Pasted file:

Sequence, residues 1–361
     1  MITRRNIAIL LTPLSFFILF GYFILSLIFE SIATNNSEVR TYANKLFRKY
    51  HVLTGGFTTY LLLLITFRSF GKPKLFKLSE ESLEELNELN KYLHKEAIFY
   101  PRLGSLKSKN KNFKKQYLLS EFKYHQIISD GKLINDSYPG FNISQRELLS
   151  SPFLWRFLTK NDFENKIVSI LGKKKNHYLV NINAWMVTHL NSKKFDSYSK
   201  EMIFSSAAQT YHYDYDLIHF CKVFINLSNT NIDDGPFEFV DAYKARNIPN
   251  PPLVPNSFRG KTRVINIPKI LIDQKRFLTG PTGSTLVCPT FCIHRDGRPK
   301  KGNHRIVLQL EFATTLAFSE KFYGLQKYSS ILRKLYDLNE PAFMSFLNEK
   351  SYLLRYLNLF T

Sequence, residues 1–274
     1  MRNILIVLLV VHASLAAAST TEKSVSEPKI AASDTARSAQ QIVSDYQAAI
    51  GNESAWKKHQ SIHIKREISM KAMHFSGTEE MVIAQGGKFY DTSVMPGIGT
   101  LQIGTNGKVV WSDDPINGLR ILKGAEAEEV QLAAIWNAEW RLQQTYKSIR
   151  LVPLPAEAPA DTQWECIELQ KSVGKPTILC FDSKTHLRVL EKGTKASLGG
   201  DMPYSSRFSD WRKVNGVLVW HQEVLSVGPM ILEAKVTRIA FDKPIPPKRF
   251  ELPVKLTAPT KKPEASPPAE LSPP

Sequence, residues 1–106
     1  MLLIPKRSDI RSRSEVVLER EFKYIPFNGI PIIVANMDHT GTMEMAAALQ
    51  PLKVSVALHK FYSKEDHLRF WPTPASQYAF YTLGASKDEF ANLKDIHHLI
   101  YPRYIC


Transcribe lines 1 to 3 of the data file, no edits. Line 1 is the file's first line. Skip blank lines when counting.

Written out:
Sequence, residues 1–361
     1  MITRRNIAIL LTPLSFFILF GYFILSLIFE SIATNNSEVR TYANKLFRKY
    51  HVLTGGFTTY LLLLITFRSF GKPKLFKLSE ESLEELNELN KYLHKEAIFY